More and more, it is hard to keep up with the accelerating pace of new technology. What seemed impossible just a decade ago – self-driving cars, bionic limbs, or AI on mobile phones (of all places) – is rapidly becoming commonplace.

Then why is drug development so painfully slow?

This is precisely the question the founding investigators of the I-SPY2 trial asked themselves over a dozen years ago. The situation then was much as it generally remains today: new drugs taking longer and costing more to get to market, high failure rates of agents in phase 3 trials, patients frustrated with the lack of new treatment options, etc. At that time, treatment for non-metastatic breast cancer was generally a choice between two different cytotoxic chemotherapy regimens, neither ideal.

But this was also the dawn of targeted therapies ushered in by breakthrough treatments like Gleevec and Herceptin. The approval of Herceptin (trastuzumab) in 2006 fundamentally changed our approach to treatment and outcomes for a specific subtype of aggressive breast cancers that express the HER2 oncogene.

For many of us, this was no cause for celebration. It was simply the end of an excruciating, long wait — the first phase 1 trials of Herceptin took place almost 20 years before. What’s more, it was approved for use in metastatic breast cancer eight years prior, in 1998. This journey started in 1987 with validation of the target. Development of the targeted antibody took only a few years. But many of our patients quite literally died waiting for this life-saving drug.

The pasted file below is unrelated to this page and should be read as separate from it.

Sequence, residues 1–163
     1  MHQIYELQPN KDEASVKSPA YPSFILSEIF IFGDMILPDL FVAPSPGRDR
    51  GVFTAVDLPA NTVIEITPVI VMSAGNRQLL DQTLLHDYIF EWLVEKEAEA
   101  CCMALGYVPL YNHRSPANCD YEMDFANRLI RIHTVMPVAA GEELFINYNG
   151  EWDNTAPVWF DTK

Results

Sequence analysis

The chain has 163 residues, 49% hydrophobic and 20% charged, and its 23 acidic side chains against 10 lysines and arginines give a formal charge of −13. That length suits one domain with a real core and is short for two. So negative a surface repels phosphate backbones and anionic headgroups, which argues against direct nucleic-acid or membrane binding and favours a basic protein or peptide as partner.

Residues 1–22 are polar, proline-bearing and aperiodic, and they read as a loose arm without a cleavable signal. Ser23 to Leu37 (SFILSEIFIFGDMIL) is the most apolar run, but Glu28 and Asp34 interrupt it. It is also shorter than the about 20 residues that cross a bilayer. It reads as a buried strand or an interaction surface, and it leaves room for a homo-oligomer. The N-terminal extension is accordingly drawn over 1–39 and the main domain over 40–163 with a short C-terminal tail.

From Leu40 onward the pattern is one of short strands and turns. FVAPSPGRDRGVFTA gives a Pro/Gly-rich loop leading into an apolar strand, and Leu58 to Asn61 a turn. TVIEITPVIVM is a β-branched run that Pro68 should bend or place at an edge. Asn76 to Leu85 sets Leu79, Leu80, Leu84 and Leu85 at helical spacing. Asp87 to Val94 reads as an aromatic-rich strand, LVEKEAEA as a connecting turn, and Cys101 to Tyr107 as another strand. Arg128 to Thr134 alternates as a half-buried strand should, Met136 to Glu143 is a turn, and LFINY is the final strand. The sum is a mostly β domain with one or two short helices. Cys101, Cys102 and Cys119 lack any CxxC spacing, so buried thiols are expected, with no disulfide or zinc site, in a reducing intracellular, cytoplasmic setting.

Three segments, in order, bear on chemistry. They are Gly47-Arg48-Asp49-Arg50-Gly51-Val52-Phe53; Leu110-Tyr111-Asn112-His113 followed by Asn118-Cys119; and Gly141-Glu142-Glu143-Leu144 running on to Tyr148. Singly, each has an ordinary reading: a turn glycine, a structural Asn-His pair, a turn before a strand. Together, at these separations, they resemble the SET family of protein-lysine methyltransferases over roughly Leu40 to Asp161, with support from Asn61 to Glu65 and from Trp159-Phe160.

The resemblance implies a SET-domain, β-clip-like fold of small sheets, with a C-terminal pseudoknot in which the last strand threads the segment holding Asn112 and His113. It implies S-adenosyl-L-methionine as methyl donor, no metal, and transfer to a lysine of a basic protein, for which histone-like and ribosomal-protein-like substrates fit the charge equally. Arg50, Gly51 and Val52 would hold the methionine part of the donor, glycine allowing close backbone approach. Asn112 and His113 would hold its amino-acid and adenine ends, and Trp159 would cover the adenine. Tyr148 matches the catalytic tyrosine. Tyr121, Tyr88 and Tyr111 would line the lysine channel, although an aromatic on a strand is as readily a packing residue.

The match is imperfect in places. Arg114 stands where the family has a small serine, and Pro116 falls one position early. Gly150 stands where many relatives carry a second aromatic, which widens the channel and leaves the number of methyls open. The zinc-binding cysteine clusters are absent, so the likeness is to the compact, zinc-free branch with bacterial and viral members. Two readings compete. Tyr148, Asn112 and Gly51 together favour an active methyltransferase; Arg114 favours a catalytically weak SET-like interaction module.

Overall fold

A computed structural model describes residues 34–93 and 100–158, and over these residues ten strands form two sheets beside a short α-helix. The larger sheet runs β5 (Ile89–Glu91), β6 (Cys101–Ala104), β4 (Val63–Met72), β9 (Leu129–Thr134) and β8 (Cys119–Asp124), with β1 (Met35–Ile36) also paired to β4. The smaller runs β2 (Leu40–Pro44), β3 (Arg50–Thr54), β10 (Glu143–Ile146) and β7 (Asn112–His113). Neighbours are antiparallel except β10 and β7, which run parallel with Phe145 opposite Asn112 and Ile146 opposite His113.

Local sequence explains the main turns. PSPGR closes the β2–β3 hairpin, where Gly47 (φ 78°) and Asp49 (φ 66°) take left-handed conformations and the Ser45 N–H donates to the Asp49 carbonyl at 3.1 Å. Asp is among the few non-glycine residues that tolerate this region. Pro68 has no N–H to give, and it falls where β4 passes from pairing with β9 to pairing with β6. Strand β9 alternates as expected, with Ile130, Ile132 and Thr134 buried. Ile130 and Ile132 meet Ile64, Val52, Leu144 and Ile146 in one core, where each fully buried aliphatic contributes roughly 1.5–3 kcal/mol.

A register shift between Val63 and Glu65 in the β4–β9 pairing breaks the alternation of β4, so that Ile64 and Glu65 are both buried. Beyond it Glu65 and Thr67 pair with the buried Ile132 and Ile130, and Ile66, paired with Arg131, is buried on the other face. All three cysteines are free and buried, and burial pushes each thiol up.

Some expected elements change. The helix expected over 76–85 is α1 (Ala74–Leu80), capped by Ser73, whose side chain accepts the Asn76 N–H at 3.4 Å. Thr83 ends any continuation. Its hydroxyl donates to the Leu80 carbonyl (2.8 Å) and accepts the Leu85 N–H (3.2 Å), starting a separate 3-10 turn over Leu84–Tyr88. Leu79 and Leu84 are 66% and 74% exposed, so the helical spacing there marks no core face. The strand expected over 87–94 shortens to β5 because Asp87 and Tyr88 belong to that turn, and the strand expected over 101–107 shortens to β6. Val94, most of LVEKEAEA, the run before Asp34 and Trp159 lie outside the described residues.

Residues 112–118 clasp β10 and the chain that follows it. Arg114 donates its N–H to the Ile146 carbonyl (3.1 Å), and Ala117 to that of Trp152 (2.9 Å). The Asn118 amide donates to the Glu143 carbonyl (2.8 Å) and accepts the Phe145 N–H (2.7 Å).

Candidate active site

We resolved to find a way to get new and better treatments to our patients, faster and cheaper. Our goal was not only to design a faster and more efficient clinical trial, but to plant the seeds of a fundamentally new approach to the clinical development process, and to change the culture of expectation. Instead of settling for seismic knowledge turns every fifteen to twenty years, our aspiration was to drive this cycle to under five years.

So far, it seems to be working.